Michigan Gov. Gretchen Whitmer has extended the state of emergency order to end at 11:59 p.m. on Aug. 11.
The state of emergency, originally anticipated to end July 16, was extended in response to a rise in COVID-19 cases in recent weeks.
According to the Michigan coronavirus website, the state has reported 77,864 total COVID-19 cases and 6,326 deaths, as of July 14. Positivity rates have increased from 2.8% to 3.4% over the past week.
“The health, economic, and social harms of the COVID-19 pandemic thus remain widespread and severe, and they continue to constitute a statewide emergency and disaster,” Whitmer said in the order.
Being in a state of emergency allows the governor to issue the executive orders she has throughout the ongoing pandemic. The recent extension does not mean the rescinded orders — such as the “Stay Home, Stay Safe” order — will be reinstated.
While Whitmer has issued states of emergency under the 1976 Emergency Management Act, or EMA, and the 1945 Emergency Powers of the Governor Act, or EPGA, her ability to do so has been highly contested by opponents.
In a lawsuit waged against the governor by the state’s Republican-led Legislature in May, presiding judge Cynthia Stephens found Whitmer’s actions were within the authority granted to her by the EPGA, but not the EMA.
“While the Governor’s action of re-declaring the same emergency violated the provisions of the EMA, plaintiffs’ challenges to the EPGA and the Governor’s authority to issue Executive Orders thereunder are meritless,” Stephens said in her opinion.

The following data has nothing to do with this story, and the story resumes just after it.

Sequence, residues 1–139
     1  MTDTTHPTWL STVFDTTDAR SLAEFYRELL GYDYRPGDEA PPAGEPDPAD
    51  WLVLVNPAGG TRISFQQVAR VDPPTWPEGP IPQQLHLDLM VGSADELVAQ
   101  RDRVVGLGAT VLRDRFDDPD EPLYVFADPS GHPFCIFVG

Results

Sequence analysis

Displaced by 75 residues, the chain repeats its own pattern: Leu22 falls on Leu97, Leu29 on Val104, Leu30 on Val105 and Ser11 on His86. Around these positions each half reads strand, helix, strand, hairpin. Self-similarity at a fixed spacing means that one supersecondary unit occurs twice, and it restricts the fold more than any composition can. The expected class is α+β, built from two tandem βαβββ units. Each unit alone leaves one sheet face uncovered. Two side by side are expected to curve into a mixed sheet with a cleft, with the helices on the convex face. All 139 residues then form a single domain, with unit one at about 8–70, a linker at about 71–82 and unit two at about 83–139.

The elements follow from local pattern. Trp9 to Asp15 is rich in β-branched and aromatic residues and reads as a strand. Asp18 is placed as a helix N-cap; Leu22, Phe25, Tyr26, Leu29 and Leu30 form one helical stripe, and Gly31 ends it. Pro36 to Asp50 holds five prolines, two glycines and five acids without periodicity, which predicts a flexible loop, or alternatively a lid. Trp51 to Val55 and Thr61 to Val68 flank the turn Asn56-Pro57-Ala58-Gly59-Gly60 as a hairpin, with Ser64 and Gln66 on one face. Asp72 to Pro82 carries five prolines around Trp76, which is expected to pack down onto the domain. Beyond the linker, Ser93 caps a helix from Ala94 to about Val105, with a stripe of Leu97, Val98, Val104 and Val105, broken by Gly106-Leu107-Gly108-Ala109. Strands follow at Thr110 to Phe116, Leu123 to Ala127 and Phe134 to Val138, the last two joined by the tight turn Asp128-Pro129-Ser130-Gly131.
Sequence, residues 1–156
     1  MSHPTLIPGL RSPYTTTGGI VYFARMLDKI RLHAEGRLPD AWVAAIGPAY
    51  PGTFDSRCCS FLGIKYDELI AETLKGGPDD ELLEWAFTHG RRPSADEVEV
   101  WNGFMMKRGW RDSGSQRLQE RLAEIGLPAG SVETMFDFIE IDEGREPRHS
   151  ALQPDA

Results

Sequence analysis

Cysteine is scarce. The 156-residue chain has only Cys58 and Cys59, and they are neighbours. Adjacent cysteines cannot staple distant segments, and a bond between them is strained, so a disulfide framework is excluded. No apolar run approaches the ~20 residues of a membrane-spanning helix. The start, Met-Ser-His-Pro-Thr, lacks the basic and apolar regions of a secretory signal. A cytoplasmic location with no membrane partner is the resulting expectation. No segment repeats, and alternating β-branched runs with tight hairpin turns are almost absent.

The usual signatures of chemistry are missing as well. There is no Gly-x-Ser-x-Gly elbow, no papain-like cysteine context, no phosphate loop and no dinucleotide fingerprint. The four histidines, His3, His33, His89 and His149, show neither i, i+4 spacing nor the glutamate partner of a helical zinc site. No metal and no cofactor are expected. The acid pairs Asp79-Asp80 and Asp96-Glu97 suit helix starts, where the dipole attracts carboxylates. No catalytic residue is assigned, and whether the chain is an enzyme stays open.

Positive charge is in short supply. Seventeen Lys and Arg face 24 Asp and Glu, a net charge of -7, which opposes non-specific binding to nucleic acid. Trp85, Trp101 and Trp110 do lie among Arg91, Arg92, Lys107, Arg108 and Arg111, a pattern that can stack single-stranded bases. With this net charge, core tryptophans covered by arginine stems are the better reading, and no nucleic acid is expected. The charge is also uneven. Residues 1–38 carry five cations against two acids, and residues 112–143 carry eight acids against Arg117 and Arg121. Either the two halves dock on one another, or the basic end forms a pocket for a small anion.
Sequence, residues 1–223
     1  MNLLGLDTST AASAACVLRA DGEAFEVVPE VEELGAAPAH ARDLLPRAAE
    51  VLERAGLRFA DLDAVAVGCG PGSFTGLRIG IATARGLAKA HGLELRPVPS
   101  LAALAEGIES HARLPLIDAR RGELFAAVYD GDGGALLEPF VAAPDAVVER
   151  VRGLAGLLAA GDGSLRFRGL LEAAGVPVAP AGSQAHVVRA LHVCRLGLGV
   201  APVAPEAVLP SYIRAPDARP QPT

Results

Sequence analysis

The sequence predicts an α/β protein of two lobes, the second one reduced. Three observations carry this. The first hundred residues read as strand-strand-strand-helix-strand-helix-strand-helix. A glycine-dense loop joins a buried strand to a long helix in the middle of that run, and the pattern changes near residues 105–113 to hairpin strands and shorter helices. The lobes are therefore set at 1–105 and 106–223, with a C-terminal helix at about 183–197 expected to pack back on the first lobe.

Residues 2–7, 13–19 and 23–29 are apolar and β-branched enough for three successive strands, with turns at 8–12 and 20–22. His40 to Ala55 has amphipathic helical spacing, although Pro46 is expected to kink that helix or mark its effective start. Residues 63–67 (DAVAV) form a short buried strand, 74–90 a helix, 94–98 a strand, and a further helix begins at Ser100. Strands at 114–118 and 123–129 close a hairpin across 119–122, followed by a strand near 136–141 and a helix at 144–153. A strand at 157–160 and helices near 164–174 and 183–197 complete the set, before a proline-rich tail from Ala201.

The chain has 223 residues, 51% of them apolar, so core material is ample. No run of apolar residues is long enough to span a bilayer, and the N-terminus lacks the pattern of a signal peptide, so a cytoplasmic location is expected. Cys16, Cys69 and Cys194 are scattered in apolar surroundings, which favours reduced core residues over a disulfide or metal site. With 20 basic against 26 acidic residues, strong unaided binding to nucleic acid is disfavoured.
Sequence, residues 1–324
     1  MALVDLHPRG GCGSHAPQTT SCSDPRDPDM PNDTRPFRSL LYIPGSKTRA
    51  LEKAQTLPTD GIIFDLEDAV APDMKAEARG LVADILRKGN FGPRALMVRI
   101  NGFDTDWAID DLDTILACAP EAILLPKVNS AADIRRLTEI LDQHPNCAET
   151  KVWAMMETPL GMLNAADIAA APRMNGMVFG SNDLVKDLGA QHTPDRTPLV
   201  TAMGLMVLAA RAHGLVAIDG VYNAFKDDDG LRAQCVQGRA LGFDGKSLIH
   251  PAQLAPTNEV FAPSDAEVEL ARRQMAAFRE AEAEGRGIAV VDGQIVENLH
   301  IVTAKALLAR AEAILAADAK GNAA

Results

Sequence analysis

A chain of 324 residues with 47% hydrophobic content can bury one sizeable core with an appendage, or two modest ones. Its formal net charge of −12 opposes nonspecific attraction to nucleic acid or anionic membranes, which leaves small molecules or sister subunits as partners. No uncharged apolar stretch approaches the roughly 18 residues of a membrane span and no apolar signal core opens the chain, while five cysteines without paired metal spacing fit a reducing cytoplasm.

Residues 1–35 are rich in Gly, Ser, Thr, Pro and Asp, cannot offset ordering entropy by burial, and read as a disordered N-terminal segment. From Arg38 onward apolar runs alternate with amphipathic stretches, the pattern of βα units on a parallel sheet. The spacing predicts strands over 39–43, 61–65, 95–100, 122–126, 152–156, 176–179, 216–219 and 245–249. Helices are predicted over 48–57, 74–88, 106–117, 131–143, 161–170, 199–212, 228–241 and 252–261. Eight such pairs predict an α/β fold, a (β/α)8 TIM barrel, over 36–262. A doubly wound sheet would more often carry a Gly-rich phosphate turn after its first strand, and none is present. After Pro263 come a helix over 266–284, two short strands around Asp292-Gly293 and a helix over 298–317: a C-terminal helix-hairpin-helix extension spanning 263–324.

However, the governor’s executive orders remain in place — for now. Unlock Michigan, a coalition of citizens concerned that Whitmer’s orders threaten lives and constitutional liberties, have started a position to repeal the EPGA, thus intending to repeal the orders.
According to Unlock Michigan’s website, the governor has misused the EPGA “to assume sweeping, permanent powers the legislature never intended a governor to have, in violation of the Separation of Powers doctrine.”
After their petition language was approved in June, the group now has 180 days to collect 340,047 valid petition signatures to get their petition before the state Legislature, according to the Detroit News.
Whitmer, however, plans to continue issuing executive orders as long as COVID-19 poses a threat to public health and the economy.
“Statewide coordination of these efforts is crucial to creating a stable path to recovery,” Whitmer said in the order. “Until that recovery is underway, the economic and fiscal harms from this pandemic have been contained, and the threats posed by COVID-19 to life and the public health, safety, and welfare of this state have been neutralized, statewide disaster and emergency conditions will exist.”